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Kerb appeal of Property funds

This article is part of
Guide to Property Funds

Property funds allow investors to invest smaller amounts of money across a wider range of assets and provides greater liquidity should they wish to change their investment allocations.

Property funds are especially attractive to investors seeking a steady income stream, with dividends payable on a quarterly basis and some are even paid monthly, according to Guy Glover, manager of the F&C UK Property fund.

Mr Glover said with property funds a dividend yield of 5 per cent to 6 per cent a year is not uncommon.

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In an environment where the interest rate on savings is virtually negligible and gilt yields are around 2 per cent, Mr Glover said this was not a trivial consideration.

Over the last ten years, property has delivered an annual income return of 6.5 per cent a year, according to the IPD Monthly Index, and 6.8 per cent over the last year.

He said: “Investors seeking a degree of protection against inflation may favour property in uncertain times.”

Property funds are typically considered as an alternative to the traditional assets classes of equities, gilts and cash.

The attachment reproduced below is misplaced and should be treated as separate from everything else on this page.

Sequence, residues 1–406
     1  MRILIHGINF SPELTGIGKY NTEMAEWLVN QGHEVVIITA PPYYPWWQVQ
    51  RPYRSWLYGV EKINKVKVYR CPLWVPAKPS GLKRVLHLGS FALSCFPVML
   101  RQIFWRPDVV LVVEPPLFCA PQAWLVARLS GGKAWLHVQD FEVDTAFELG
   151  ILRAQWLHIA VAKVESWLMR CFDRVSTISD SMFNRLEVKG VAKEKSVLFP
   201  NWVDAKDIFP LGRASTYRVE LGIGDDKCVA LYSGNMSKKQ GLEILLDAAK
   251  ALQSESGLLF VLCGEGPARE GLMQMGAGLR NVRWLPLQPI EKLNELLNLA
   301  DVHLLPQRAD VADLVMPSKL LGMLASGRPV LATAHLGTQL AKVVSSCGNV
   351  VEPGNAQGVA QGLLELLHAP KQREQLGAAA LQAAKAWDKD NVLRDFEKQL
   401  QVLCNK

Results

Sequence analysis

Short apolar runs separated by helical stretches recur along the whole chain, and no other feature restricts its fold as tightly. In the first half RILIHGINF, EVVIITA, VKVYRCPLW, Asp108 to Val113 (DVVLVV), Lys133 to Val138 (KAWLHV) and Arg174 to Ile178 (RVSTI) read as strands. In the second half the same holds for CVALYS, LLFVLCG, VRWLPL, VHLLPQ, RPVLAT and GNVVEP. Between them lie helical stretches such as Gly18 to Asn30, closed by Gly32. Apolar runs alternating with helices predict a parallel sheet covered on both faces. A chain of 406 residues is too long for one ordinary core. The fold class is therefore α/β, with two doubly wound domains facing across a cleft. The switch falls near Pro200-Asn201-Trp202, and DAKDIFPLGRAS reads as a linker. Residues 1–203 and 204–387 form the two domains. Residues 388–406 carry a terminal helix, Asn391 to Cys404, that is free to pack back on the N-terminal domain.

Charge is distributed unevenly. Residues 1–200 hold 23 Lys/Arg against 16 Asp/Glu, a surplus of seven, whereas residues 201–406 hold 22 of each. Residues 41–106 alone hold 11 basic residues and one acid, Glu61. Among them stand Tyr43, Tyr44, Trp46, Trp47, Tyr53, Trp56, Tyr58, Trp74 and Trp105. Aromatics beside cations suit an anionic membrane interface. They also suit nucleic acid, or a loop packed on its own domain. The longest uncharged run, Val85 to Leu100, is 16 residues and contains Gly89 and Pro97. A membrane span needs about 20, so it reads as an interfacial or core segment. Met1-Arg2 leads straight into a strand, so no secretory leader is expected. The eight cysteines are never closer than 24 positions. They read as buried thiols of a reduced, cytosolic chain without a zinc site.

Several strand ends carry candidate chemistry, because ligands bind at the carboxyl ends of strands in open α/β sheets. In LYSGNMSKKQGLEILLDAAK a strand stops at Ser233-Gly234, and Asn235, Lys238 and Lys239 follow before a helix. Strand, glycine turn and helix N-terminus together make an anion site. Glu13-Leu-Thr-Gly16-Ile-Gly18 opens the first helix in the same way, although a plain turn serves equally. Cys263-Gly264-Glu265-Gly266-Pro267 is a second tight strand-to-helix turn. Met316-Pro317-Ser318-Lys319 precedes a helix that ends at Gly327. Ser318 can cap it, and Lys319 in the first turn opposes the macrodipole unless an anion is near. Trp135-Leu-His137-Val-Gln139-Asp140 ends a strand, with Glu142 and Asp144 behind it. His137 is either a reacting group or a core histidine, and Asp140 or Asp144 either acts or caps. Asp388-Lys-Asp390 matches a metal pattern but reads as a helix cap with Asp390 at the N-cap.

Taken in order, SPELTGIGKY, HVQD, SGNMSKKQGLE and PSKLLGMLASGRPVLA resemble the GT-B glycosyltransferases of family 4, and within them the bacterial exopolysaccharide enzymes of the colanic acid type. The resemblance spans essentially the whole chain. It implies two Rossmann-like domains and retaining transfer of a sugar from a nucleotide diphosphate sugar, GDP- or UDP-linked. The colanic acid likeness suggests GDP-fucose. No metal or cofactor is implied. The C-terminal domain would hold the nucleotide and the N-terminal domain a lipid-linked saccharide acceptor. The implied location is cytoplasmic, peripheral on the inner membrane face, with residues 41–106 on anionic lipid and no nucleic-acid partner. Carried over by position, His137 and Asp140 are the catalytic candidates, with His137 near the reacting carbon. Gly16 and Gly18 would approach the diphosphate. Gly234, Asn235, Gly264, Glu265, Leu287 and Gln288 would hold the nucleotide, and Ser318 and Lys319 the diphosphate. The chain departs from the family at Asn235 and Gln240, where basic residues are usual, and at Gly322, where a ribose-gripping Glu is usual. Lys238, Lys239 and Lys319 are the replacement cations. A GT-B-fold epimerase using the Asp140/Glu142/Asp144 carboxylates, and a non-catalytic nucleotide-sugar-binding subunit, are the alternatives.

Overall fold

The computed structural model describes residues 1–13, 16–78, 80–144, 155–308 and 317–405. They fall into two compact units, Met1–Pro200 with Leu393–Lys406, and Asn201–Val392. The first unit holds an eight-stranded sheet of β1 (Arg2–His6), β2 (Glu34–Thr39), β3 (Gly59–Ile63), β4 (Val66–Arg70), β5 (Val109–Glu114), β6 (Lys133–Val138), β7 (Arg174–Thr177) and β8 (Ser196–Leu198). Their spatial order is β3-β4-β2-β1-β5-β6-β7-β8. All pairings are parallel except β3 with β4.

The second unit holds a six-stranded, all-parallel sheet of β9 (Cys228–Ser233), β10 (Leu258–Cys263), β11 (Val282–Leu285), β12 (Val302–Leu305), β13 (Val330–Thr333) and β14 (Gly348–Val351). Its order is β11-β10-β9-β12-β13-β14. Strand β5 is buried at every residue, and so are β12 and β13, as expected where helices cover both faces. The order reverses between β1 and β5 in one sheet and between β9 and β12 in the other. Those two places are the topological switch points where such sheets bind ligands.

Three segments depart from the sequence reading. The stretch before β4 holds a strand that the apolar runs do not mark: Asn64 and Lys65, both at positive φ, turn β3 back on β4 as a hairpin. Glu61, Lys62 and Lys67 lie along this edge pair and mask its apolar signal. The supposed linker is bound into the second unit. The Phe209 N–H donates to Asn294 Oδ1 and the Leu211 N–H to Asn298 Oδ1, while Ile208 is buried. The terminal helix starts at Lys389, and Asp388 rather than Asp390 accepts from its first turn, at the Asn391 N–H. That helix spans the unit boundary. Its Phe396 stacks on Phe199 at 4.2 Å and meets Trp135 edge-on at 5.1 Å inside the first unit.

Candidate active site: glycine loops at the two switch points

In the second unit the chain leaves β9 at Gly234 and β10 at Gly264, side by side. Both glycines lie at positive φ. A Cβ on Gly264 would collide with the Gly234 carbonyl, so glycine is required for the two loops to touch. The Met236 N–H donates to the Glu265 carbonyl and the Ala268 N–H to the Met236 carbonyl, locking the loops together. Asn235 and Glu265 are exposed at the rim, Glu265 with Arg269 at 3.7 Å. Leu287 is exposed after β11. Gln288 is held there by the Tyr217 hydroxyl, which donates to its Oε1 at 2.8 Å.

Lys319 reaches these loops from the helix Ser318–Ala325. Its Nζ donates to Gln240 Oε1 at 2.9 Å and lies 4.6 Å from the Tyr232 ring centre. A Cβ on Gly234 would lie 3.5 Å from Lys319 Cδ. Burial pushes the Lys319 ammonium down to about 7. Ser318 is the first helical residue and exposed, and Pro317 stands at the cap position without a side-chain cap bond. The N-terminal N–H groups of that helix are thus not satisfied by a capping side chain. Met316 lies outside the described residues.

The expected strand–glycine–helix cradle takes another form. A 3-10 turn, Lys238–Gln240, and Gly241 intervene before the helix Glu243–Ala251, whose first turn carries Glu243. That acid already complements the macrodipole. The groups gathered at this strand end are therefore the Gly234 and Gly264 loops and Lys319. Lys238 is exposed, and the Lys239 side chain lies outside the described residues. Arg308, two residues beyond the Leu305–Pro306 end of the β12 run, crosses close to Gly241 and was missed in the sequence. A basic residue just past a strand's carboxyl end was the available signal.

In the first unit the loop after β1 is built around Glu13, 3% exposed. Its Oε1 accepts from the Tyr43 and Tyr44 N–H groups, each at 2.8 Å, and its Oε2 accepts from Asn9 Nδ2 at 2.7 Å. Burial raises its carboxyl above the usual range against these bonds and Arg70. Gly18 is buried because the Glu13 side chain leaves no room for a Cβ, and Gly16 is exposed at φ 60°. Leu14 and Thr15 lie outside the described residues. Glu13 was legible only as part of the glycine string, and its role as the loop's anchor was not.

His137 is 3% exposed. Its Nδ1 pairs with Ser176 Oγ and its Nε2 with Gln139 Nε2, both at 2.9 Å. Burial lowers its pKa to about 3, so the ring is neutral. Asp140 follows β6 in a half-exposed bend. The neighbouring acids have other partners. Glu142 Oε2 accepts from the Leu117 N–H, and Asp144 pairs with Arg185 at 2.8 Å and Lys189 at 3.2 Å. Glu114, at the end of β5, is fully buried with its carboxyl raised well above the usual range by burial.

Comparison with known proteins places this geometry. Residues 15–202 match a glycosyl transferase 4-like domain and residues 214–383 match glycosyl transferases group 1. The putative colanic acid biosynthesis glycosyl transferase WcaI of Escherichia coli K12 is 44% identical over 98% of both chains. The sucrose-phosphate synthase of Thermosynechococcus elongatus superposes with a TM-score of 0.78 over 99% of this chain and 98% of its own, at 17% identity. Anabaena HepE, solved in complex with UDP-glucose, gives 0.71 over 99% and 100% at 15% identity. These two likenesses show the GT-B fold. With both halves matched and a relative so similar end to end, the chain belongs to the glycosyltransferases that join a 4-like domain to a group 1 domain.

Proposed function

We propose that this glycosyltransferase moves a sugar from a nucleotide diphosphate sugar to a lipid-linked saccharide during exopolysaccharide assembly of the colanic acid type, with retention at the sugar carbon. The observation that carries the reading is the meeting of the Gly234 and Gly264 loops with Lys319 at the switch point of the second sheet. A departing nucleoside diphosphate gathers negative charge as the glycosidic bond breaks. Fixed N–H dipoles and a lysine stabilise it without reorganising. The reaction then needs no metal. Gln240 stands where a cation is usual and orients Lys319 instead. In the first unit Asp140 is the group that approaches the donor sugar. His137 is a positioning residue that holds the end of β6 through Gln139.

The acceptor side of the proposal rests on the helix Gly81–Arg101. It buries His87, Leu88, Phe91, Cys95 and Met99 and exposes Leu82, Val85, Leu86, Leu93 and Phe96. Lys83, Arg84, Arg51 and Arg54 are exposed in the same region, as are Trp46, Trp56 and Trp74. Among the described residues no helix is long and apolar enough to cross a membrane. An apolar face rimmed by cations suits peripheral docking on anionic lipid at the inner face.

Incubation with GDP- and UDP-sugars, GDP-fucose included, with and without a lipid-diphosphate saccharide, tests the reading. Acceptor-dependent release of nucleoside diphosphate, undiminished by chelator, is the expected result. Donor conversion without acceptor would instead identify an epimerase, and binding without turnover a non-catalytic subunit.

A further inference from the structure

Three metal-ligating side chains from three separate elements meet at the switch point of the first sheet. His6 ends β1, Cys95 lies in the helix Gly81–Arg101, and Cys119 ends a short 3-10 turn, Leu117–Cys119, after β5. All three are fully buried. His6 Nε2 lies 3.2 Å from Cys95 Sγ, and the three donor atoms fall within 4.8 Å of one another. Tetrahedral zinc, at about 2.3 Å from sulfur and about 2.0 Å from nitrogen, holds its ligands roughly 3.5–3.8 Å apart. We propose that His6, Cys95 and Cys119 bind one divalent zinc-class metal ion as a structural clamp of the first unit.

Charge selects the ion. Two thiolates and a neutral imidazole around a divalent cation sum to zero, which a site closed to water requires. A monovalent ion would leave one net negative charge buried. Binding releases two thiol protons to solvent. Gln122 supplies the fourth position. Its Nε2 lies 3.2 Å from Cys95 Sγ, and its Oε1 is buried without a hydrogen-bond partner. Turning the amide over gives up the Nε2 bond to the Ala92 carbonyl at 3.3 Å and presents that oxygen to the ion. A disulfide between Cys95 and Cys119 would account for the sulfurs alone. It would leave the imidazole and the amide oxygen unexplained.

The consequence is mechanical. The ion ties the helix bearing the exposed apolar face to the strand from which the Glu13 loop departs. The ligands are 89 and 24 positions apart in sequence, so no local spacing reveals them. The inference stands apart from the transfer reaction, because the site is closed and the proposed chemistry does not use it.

Traditionally they have been viewed as delivering higher returns than cash and bonds while being less volatile than equities.

However, Mr Glover pointed out his cannot be guaranteed in the future and over short time periods but the last year has confirmed this pattern.

In terms of time horizons, Philip Nell, manager of the Aviva Investors Property Trust, said property funds should be considered as a longer-term investment proposition as no matter what structure you are looking at, the real asset underlying this will be a property of some type, and properties themselves can be difficult to trade in terms of time and cost spent.

Mr Nell said: “Investors should be looking to invest for the medium to long-term and should ensure they understand the risks and investment objective and policy of the fund.

“They should ensure that investment corresponds to their investment objectives and financials needs. Broadly speaking, open-ended and daily priced authorised retail property funds may be suitable for investors who want to diversify their portfolio through investing in commercial property and who are aiming for a mix of income and growth from their investment.”

Each type of property vehicle has its own characteristics and Ainslie McLennan, director of property at Henderson, agreed investors should be clear about what they are looking to achieve when they invest.

He said: “Bricks and mortar property funds, for example, have a stronger focus on income, while Reits and property securities can often generate stronger returns in a rising market, but can be more volatile.”